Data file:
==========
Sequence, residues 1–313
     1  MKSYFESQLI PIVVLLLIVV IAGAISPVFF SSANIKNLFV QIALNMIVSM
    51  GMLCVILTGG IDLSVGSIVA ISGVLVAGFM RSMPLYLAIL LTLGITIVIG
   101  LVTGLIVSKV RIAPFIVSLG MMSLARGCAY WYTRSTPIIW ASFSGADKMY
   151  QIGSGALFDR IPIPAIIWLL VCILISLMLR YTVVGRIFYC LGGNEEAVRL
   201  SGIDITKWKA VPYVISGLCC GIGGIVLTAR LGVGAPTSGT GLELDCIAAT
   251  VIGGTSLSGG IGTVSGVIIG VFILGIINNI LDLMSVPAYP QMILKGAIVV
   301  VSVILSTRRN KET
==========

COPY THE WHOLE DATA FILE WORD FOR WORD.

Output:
Sequence, residues 1–313
     1  MKSYFESQLI PIVVLLLIVV IAGAISPVFF SSANIKNLFV QIALNMIVSM
    51  GMLCVILTGG IDLSVGSIVA ISGVLVAGFM RSMPLYLAIL LTLGITIVIG
   101  LVTGLIVSKV RIAPFIVSLG MMSLARGCAY WYTRSTPIIW ASFSGADKMY
   151  QIGSGALFDR IPIPAIIWLL VCILISLMLR YTVVGRIFYC LGGNEEAVRL
   201  SGIDITKWKA VPYVISGLCC GIGGIVLTAR LGVGAPTSGT GLELDCIAAT
   251  VIGGTSLSGG IGTVSGVIIG VFILGIINNI LDLMSVPAYP QMILKGAIVV
   301  VSVILSTRRN KET